Aboriginal health leader calls on Aboriginal communities, families and government agencies to talk openly and honestly about so called mental health issues?
Mr Justin Mohamed, Chair of NACCHO representing over 150 Aboriginal Community Controlled Health Organisations throughout Australia has used the launch of this weeks Mental Health Week and its theme “Whoever you are and wherever you live, you’re not alone” to call on all communities and family members to make sure that their members are not alone. He also called on all levels of government to support Aboriginal people and organisations with Aboriginal community control of specific Aboriginal mental health programs
Building on the current theme Mr Mohamed went on to explain;
Whoever you are the engagement of Aboriginal people with mental health services has traditionally been fraught with difficulty. Even the expression “mental health” is a major barrier for people to seek help and support, in fact most of our members refer to this issue as social and emotional well being. The stigma and stereotyping that all contribute to the limited use of current mental health services are other major barriers
Wherever you live geographic isolation, a lack of culturally appropriate services, a lack of Aboriginal staff within available services, limited training of mental health service staff regarding Aboriginal issues, also contribute to the limited use of current mental health services by Aboriginal people. The lack of Aboriginal people in trained psychologist, counseling roles compounds the issue.
Your not alone is a key factor where we need to encourage community members to talk with family and friends about their social and emotional wellbeing issues to restore their connections to community, family, the land and their spirituality, because research has shown those things underpin wellbeing.
Mr Mohamed said a key principle of the Close the Gap campaign has been that Aboriginal people should be part of policies and program to improve the health and wellbeing of our own people.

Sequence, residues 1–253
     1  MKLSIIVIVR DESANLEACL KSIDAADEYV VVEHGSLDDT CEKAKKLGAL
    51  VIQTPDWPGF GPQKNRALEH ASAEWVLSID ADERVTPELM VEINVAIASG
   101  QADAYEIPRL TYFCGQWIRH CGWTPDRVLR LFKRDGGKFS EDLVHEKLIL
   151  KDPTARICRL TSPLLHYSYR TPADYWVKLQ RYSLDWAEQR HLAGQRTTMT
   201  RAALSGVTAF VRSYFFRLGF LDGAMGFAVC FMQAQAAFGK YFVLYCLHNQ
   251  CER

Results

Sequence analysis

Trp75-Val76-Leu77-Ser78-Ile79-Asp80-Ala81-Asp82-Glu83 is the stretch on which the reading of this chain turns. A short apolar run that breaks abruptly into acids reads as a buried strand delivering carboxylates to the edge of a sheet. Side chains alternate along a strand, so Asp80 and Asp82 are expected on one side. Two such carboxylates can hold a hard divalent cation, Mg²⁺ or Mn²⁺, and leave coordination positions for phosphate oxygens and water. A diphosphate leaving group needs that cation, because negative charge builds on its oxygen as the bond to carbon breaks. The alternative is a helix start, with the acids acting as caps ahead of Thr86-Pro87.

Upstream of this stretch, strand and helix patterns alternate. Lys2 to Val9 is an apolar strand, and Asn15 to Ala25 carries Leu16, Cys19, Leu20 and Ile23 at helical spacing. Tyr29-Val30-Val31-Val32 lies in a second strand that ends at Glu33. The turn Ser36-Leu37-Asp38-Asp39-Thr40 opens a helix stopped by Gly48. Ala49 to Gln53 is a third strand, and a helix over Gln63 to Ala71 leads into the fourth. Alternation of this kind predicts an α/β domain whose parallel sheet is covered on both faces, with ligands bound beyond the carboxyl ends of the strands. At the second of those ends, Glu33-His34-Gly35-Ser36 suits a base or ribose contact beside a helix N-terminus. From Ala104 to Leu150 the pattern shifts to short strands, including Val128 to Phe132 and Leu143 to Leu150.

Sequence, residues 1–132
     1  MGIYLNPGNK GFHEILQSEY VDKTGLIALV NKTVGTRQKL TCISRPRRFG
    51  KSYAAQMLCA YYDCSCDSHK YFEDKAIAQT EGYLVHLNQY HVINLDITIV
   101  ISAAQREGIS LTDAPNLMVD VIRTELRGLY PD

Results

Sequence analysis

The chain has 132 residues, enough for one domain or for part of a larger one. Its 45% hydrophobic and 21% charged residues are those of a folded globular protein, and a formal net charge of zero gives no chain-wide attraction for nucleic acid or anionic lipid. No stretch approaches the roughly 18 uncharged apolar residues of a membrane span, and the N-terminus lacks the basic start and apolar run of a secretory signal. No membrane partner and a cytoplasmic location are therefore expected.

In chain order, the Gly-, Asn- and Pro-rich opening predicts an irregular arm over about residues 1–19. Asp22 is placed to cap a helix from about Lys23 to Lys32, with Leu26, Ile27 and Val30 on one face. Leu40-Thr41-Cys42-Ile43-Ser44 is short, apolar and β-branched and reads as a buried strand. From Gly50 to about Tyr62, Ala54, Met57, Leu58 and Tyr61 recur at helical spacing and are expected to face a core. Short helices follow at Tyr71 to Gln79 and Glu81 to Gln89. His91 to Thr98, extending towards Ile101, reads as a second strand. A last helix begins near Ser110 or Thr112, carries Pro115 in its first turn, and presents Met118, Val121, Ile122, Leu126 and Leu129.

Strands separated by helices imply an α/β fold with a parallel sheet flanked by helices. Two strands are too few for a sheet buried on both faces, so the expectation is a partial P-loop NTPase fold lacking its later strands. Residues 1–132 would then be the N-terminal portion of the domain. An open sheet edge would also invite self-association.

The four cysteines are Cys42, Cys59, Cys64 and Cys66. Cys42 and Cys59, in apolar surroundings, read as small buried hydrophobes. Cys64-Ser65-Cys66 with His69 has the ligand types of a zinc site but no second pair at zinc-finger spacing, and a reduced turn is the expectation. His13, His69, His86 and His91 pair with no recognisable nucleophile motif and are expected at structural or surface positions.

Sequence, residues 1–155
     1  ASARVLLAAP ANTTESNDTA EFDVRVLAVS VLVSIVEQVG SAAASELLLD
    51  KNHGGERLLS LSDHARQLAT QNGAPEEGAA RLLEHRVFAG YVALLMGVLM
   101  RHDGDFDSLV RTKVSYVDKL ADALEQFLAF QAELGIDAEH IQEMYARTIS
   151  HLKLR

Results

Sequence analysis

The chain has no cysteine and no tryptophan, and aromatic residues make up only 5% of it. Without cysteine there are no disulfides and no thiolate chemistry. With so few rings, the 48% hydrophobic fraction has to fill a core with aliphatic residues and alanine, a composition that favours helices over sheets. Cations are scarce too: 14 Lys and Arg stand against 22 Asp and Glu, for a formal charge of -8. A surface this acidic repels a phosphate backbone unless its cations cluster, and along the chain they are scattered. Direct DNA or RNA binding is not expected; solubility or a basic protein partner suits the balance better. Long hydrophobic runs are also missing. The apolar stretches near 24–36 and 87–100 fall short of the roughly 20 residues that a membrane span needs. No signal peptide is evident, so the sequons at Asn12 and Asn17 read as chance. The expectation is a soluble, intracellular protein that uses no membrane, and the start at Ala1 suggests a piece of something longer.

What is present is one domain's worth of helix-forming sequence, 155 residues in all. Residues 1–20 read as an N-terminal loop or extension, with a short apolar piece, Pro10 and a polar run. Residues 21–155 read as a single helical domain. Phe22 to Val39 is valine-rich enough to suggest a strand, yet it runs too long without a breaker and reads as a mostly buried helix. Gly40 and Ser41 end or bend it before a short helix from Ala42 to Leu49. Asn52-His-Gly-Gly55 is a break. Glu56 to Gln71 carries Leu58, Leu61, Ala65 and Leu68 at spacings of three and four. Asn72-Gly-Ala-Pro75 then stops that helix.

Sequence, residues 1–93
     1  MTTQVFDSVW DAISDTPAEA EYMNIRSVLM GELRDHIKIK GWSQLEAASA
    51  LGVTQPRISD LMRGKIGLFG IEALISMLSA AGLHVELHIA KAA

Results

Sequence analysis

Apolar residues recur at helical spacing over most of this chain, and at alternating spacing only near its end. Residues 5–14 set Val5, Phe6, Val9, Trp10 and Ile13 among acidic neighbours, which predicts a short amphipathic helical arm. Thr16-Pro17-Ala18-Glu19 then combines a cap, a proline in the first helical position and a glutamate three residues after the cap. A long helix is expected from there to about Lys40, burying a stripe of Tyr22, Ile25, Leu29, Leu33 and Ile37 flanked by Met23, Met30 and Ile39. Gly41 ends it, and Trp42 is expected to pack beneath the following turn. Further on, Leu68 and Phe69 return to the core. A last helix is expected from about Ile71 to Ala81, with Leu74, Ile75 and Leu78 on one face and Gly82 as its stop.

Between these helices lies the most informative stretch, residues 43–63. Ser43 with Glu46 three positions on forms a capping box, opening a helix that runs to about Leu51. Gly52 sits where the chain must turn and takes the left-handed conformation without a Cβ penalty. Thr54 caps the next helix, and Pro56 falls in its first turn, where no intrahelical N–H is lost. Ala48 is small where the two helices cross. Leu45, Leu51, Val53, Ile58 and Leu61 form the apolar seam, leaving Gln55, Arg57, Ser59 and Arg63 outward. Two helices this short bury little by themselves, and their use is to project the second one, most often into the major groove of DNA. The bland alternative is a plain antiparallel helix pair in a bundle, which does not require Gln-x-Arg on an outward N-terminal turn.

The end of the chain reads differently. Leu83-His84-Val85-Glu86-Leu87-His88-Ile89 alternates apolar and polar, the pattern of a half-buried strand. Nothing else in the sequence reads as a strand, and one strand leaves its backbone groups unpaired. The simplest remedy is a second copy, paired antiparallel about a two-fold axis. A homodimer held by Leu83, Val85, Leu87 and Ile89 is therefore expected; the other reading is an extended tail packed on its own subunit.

As an example NACCHO is currently working with the Aboriginal and Torres Strait Islander Suicide Prevention Advisory Group and the Menzies School to develop the nation’s first Indigenous Suicide Prevention Strategy making sure that it is coherent and comprehensive strategy and backed by a strong evidence base.
The Advisory Group, chaired by Tom Calma, has also provided guidance on how the government can most effectively invest the $6 million in funding over four years committed to reduce Indigenous suicide under the Taking Action to Tackle Suicide package.
Mr Mohamed said we’ve long known that rates of suicide in Aboriginal communities are higher than the wider Australian population. But we’re much less clear about why this is the case. Each life lost to suicide reminds us of the need to better identify the causes and implement effective prevention strategies.
According to a study from Diego de Leo, Griffith University released last month between 1994 and 2006, the rate of suicide in Indigenous people averaged 25.7 per 100,000 people – about 70% higher than in non-Indigenous Australians. Although rates have been decreasing in recent year’s suicide among Indigenous people remains disproportionately high relative to non-Indigenous Australians. As a social issue, suicide is entwined with tangible and intangible influences of gender, ethnicity, connectedness, and mental and physical well-being.
But the study concluded there are also unique aspects of Indigenous society and culture that offer hope for the future in reducing the burden of suicide mortality. Indigenous society promotes social cohesion, extended familial ties and spontaneous support, which can all lower the risk of suicide. After all, suicide was almost unknown in traditional Aboriginal society.
“We hope that by NACCHO Affiliate and Members promoting the so called Mental Health week and its theme “Whoever you are and wherever you live, you’re not alone” we can make our communities and the Government agencies more responsive to the broader issues around the many wellbeing issues of our people” Mr Mohamed said
NACCHO media contact: Colin Cowell 0401 331 251 email@example.com